Perhaps, had Lister’s antiseptic system (hand washing and the washing of surgical tools– and sometimes wounds– in carbolic acid) not been adopted, the course of medicine in the 20th century could have been very different.

Of particular interest to me as a scholar of nineteenth-century pregnancy and childbirth is the chapter on “Cleanliness and Cold Water.” Here, The Butchering Art outlines some of the hygienic theories that predated Lister’s antiseptic revolution. These theories were often articulated as responses to high rates of puerperal (or childbed) fever. As far back as 1795, Alexander Gordon had argued that the fever was the result of “something on the practitioners themselves” and advocated that “the nurses and midwives who cared for [patients who had died of the fever] ‘ought carefully to wash themselves, and get their apparel properly fumigated, before it be put on again’” (146). Oliver Wendell Holmes made similar arguments in 1843, around the time that Ignaz Semmelweis was fighting for acknowledgment of a connection between medical handling of the dead (and dying) and puerperal fever. Though pregnancy and childbirth was not the particular trigger for Lister’s own hunch that it was something, like germs, that could be introduced to or held back from a wound to cause or prevent infection, his discoveries work in an intellectual history shaped by the treatment of women’s reproductive bodies.

Like those of Gordon, Wendell Holmes, and Semmelweis in particular, Lister’s ideas were met with resistance. In sketching these reactionary dismissals, which tended to be fueled by wholesale disbelief in germ theory, Fitzharris both emphasizes Lister’s patient and selfless insistence on practices that saved lives and also notes that his systems were not perfect. For example, for much of his life, Lister remained committed to the use of a carbolic spray “designed to sterilize the air around the patient, both during an operation and afterward when changing dressings” that he eventually forwent because “the German physician and microbiologist Robert Koch…showed that airborne pathogens were not the main culprit of wound infection, which meant sterilizing the air was futile” (208-9). In other words, Fitzharris, though admiring of Lister, is no hagiographer.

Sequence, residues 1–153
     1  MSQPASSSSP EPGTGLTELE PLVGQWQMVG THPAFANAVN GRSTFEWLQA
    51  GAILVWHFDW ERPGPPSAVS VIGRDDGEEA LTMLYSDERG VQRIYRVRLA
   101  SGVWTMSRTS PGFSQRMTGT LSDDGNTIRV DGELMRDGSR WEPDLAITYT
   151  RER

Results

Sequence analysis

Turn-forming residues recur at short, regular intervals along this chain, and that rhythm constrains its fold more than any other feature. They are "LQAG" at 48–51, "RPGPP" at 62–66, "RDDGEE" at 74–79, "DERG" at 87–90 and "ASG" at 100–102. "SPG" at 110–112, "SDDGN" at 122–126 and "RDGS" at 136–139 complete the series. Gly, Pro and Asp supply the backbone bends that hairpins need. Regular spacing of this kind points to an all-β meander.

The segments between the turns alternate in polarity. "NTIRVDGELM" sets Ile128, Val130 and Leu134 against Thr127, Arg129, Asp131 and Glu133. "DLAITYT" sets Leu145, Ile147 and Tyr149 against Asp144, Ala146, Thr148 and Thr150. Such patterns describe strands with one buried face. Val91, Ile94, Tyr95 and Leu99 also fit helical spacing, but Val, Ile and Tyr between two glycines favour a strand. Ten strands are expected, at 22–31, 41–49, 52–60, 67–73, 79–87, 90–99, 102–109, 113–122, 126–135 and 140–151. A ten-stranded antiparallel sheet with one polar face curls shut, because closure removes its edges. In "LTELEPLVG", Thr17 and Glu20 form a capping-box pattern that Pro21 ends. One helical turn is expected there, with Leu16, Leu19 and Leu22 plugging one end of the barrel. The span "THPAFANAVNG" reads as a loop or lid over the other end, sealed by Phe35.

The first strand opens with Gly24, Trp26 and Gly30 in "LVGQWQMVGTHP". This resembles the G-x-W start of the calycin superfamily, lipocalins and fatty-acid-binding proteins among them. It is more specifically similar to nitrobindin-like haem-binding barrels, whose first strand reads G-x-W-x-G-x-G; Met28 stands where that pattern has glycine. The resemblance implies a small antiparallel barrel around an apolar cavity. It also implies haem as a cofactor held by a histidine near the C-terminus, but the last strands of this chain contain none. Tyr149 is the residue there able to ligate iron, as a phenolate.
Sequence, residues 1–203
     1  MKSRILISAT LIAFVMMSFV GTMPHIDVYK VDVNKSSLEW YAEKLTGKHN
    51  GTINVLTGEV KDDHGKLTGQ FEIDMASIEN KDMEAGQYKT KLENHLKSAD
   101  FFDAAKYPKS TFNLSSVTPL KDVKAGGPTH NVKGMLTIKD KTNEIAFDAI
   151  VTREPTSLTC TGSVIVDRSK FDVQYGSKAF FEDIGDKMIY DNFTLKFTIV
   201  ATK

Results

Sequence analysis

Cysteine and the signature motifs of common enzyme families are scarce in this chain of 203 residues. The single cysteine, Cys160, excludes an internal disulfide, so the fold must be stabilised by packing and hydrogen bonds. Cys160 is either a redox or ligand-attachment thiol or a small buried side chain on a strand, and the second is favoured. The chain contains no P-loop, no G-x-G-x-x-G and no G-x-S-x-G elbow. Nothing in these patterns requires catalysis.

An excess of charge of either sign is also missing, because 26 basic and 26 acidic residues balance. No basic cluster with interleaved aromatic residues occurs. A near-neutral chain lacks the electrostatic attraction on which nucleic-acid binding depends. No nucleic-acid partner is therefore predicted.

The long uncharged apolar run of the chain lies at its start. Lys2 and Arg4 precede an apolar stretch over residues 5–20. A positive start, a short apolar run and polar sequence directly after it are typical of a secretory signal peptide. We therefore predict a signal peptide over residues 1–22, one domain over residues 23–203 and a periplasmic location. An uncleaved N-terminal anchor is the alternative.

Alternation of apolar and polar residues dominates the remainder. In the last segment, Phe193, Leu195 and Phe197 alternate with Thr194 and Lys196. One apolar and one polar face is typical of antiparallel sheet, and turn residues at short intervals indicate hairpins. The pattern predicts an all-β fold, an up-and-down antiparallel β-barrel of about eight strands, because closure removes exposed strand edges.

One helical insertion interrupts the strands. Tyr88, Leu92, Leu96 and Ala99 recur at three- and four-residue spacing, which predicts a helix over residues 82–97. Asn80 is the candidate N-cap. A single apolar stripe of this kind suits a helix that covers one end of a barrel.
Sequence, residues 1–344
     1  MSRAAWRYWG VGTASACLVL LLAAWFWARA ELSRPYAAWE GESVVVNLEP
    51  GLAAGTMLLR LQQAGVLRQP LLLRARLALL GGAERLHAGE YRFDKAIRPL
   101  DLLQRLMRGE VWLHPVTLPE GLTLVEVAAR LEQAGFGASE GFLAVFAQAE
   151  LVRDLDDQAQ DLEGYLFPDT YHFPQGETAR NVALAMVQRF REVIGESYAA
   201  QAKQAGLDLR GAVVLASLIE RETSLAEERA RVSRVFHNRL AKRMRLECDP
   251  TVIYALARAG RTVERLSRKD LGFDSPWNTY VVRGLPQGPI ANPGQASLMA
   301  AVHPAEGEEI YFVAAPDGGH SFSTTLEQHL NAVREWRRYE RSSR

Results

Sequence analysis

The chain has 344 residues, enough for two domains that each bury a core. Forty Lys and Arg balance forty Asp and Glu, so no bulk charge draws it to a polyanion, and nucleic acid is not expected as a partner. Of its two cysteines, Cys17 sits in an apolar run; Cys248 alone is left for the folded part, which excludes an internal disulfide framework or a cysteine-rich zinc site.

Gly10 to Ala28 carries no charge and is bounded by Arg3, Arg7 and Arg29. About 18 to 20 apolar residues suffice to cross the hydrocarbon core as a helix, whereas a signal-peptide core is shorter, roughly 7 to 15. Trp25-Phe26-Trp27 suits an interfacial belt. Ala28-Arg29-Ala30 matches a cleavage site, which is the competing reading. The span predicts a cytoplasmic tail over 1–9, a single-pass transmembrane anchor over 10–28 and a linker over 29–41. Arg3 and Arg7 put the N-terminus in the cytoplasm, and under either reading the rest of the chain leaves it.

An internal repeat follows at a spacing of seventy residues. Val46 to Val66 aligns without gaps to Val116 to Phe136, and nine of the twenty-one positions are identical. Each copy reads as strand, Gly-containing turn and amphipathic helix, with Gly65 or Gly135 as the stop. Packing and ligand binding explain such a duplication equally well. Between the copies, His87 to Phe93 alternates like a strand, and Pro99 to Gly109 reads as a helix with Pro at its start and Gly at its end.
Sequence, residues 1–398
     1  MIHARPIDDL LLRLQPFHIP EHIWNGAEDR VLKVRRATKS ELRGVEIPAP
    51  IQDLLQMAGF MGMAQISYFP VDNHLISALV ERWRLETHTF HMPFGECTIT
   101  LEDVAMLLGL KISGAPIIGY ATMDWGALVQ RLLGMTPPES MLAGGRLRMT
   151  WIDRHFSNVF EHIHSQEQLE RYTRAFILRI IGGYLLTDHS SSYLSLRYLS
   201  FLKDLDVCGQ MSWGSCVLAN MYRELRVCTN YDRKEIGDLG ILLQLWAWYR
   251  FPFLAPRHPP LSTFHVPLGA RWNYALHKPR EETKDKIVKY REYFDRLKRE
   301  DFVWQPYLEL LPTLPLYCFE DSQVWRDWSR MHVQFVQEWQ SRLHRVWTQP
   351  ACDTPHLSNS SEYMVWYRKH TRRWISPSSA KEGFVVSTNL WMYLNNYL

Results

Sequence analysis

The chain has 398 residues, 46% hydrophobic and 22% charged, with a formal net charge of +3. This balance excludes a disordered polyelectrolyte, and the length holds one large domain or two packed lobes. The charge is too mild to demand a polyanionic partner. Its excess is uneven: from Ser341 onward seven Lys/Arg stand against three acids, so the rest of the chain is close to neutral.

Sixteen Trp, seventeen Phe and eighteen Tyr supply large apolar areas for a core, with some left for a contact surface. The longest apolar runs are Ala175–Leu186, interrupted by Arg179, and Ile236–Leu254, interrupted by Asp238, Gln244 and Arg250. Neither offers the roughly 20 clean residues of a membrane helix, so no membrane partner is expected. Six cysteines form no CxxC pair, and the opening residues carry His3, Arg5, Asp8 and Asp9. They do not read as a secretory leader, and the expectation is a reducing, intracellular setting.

The Butchering Art is an entertaining, readable popular history that I would recommend to academic and non-academic readers alike. My only suggestion would be that the squeamish think carefully about their tolerance for the frank depiction of “grisly” material. Blood, guts, and pus are everywhere and the violence of pre-antiseptic surgery is sketched admiringly and gruesomely. The only passage at which I needed a break, though, was the story of Robert Hooke’s 1664 research on a dog. Skip over the relevant a paragraph or two in the chapter “The Frog’s Legs” if puppy eyes are what get you…